Does your company genuinely embrace feedback driven change?

“How are your clients using customer or employee insights to drive positive change?”

When speaking with business leaders about engaging Satrix Solutions for a voice of the customer or voice of the employee program, I’m often asked a version of this question.

I genuinely enjoy being asked, partially because we have so many great examples, but more because it reveals an important mindset of the prospective buyer: they understand why feedback from relevant groups should always be considered when making important decisions. They recognize strategic planning must include an examination of how any change enacted will affect customer or employee sentiment.

Many of us in the customer experience community like to tell the Amazon “empty chair” story as a particularly effective way of maintaining this focus. Therefore, when someone asks the question above, I consider it to be a strong indicator that person, like Jeff Bezos, “gets” it.

Actioning Customer and Employee Feedback

The dialogue that ensues also lets me know whether the company recognizes they will have to do the (sometimes) challenging work of actioning the feedback they’ve received.

The truth is, customer experience and employee engagement programs should be viewed as process improvement and change management initiatives. When soliciting candid feedback, there’s a good chance you’ll learn something significant that needs to be addressed. For example, such effort(s) may require financial resources to be allocated, staff to be trained, a product roadmap to be refined, the service or support team to be refocused, or incentive programs to be added or restructured.

For many companies, this is where the proverbial rubber meets the road. Taking the right steps will strengthen relationships with your customers and employees, engendering loyalty, trust and engagement, and bolstering your company’s reputation.

By not actioning the feedback, you run the risk of increasing frustration among customers and employees, fueling negative word-of-mouth and damaging your brand.

Baseline Requirements for Feedback Driven Change

In order to best position your organization for success, it’s a good idea to evaluate your existing practices and prepare the organization for what’s to come. At a minimum, you should have confidence that:

1) Your customer or employee feedback endeavors adhere to best practices. That means targeting the right people, at the right time, and asking carefully crafted and relevant questions.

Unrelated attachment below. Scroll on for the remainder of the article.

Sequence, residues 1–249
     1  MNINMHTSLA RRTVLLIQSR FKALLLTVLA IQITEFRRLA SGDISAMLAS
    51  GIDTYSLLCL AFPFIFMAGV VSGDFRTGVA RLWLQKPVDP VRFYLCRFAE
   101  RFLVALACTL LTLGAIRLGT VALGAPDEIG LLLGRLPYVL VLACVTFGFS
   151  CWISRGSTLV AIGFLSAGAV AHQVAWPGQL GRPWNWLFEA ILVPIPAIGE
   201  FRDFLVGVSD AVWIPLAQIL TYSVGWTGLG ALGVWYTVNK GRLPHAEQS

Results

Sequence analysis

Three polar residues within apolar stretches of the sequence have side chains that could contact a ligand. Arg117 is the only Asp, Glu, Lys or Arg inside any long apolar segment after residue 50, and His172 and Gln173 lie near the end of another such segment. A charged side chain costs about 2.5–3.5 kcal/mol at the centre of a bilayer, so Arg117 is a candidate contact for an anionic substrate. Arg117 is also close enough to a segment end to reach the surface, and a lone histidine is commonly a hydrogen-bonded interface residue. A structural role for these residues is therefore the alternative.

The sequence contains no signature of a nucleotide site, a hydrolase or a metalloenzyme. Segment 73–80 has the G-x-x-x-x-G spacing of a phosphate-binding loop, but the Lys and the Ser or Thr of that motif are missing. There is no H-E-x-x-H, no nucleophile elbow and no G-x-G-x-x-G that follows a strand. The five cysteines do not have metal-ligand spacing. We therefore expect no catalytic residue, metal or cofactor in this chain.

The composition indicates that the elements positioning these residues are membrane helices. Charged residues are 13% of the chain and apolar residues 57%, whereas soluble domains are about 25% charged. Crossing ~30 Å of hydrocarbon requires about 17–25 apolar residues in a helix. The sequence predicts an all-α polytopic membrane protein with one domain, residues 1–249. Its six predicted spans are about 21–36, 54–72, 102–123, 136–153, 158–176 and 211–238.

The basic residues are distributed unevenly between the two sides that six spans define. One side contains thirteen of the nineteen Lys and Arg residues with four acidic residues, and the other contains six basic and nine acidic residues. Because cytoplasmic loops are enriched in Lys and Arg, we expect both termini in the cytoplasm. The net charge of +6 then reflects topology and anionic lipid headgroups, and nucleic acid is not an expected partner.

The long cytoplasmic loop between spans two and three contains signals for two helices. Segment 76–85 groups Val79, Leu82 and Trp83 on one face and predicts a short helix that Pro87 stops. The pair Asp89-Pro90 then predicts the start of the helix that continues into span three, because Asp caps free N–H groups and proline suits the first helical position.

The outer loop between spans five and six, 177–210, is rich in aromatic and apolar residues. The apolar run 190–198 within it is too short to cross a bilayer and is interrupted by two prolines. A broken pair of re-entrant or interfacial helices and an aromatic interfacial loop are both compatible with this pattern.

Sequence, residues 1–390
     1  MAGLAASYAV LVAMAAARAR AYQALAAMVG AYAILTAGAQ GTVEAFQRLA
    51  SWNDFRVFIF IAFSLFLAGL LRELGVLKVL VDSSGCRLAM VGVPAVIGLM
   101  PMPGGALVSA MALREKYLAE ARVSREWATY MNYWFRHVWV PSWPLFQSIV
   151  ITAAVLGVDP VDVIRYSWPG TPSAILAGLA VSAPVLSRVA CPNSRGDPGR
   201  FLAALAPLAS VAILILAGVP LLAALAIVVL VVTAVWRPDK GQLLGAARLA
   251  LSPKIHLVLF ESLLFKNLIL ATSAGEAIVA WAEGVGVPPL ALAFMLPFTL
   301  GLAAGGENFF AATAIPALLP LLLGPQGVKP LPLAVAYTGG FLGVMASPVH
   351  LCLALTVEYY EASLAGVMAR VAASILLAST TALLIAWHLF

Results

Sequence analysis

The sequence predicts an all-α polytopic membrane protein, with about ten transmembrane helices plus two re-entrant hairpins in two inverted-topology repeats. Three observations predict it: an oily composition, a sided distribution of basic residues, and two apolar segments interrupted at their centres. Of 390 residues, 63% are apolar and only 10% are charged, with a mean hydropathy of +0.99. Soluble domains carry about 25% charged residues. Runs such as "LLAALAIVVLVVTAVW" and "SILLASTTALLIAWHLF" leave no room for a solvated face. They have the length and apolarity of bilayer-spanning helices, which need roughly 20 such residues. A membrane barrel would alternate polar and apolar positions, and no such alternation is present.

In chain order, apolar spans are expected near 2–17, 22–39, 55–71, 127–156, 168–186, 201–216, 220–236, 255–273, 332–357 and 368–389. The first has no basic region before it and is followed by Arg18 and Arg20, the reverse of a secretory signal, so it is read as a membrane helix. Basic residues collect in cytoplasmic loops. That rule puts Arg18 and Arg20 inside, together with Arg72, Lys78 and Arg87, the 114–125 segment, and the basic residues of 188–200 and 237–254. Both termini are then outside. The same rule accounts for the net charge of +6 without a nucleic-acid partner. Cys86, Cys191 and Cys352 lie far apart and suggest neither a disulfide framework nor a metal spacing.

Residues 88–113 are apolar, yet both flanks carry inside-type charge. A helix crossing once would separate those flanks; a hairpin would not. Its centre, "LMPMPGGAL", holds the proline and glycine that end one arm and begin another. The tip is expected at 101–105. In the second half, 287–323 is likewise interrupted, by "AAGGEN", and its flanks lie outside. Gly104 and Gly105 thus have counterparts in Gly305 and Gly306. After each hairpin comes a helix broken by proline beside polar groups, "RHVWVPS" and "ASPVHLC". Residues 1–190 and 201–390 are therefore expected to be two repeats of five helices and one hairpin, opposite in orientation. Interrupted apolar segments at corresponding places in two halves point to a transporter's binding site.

2) Your feedback collection efforts result in a strong data set that is representative, reliable, and trustworthy.

3) You have a process for ‘closing the loop’ with the audience you engaged, thanking them for their candid feedback, and using the follow-up as an opportunity to probe, listen and create a plan for improving their experience.

4) You have a means to analyze and interpret the aggregated feedback – without bias – so the prominent drivers of satisfaction and frustration can be identified.

5) That you can assemble a cross-functional team that is empowered to address the most significant pain-points uncovered from your feedback program.

Common Examples Feedback Driven Change

Referring back to the question I shared earlier, what are some examples of how our clients have used the insights we’ve delivered to drive positive change? Here are just a few:

  • Training the service team on emotional intelligence (EQ) concepts to improve customer listening, responsiveness, and communication
  • Accelerating a feature enhancement that was requested by a surprising number of customers
  • Adding a reporting view/template that was previously only available through the CSM
  • Modifying the approach of customer Executive Business Reviews (EBRs) to cover a specific value driver that was widely perceived as central to a successful engagement
  • Addition of a training session during implementation to cover functionality that was commonly needed but not often used
  • Adding a support ticket system so customers had better visibility into outstanding requests and timelines
  • Clarifying the pricing model to reduce confusion during the sales process and for upgrades and add-ons
  • Increasing communication with customers with more frequent updates on the product roadmap and important strategic initiatives impacting the customer experience
  • Establishing a coaching program for Managers who have lower employee engagement among their team
  • Instituting departmental surveys to measure satisfaction levels of internal “customers” following a meaningful interaction or service request with another group (such as IT, HR, Procurement)

While this list only scratches the surface, these activities exemplify how Satrix clients have leveraged the findings, insights, and recommendations we have delivered to guide their improvement efforts.

Our clients are proof that if you do these things well, your organization will reap the benefits. After all, it has been well established that companies that routinely incorporate customer and employee feedback into their decision-making are rewarded with higher growth rates and premium valuations in the private and public markets.


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